Lieutenant Percy Hamilton of 6 Innisks describes his journey to Algiers in February 1943, when he travelled along with five other officers and a full draft of reinforcements to join the Irish Brigade, who were in front line activity near to Bou Arada.
“I walked through the iron gates of Westland Row station Dublin some time about dawn on a morning late in February 1943. I had been on a fortnight’s embarkation leave and was on my way back to England. My mother and father were at the station to see me off, but the regulations kept all but travellers behind the railings. I could see them from the carriage, and by leaning out of the window, I could have shouted last minute messages, but I could think of nothing. We had been through everything so many times. The train pulled out, and I leaned out and waved as long as the station was in sight
Kingstown Harbour was bleak and on arrival there, I sought shelter in the lounge.
On returning to camp near the village of Woodhall Spa in Lincolnshire, I found that my khaki drill, which I had ordered in London, had arrived. I had been warned by the Adjutant that I would be on a ‘tropical draft’. I went into the subject of kit with various pundits, one of whom was a ‘Poona’ type, and they had advised me to take everything that I would require. This, I found to be wrong as one can exist in an active service battalion quite well without anything extra on top of that which is obtainable, with a little stealth, from the QMS store. When I reported to the Adjutant, the first thing he told me was that I was on a different draft and not going tropical; he said I would get the allowance for the kit that I had already bought. This was 10 pounds, a little more than half the sum I had laid out, and I didn’t ever get it anyway.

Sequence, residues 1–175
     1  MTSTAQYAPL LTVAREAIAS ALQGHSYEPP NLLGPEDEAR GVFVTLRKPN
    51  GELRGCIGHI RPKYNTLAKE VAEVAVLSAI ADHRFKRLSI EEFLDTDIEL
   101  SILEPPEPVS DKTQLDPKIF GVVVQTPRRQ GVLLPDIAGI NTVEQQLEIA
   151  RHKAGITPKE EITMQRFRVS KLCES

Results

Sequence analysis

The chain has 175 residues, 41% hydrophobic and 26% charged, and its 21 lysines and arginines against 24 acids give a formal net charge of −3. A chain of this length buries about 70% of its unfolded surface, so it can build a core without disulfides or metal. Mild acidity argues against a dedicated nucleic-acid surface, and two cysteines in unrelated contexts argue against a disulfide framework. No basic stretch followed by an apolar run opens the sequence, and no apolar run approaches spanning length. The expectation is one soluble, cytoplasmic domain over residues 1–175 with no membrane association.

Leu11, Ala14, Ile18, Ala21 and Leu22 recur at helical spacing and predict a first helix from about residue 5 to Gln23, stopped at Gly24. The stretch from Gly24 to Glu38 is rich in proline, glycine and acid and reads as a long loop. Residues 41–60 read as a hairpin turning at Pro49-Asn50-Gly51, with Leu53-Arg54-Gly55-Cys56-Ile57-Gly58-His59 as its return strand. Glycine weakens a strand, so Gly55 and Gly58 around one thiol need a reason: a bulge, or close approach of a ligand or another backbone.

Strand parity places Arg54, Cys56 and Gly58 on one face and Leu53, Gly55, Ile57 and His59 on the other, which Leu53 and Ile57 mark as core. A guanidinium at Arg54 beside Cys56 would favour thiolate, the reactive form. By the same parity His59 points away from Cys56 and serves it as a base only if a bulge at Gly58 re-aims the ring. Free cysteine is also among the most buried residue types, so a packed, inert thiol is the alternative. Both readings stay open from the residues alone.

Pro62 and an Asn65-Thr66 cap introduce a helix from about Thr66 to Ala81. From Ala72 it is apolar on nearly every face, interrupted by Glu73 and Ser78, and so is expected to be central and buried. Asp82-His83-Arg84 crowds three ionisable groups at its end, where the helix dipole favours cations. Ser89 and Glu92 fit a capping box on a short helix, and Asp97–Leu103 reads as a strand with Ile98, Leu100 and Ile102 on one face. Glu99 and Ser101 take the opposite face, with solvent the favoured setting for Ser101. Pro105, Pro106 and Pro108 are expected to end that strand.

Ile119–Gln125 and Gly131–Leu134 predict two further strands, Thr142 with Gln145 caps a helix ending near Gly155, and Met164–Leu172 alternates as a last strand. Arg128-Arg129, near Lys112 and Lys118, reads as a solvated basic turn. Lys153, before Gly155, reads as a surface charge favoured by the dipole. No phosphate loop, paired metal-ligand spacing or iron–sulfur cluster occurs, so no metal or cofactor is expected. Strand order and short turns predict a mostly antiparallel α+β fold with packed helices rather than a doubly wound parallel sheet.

I spent about a week checking the lists of drafts, and wished my own turn would come. It did.
The draft paraded outside the orderly room in the late afternoon. All my kit was ready, and my bags had gone to the station. We wore full marching order – the last time I ever did – and I was nearly late on parade because I had lent my knife, fork and spoon – known in the army as utensils – to the mess; the mess staff tried to find them, but in the end I had to grab a set and run. I was sorry to lose my own as I had kept them during my two years service in the ranks and had branded my O/R number on them. We were taken to the station, about a mile away, in 15 cwt trucks. The Pipe Band played while we waited for the train and we left Woodhall Spa to the strain of the ‘Killaloe’.
We had no idea where we would sail from, but as matters stood at the time, it was a pretty safe bet that we would finish in Africa. I found it impossible to get any comfort in the carriage and explored the possibilities of sleeping on the floor outside the toilet, but it was too smelly. Somewhere in the night, the train emptied considerably and I got a seat to lie on.
At Greenock, sometime early in the morning, there was a delay about getting the mens’ billets, but eventually they were put in a granary. It was a draughty place with a shaft up the middle of the whole thing. They were fed and told that they could go out, but strict orders were issued against posting letters.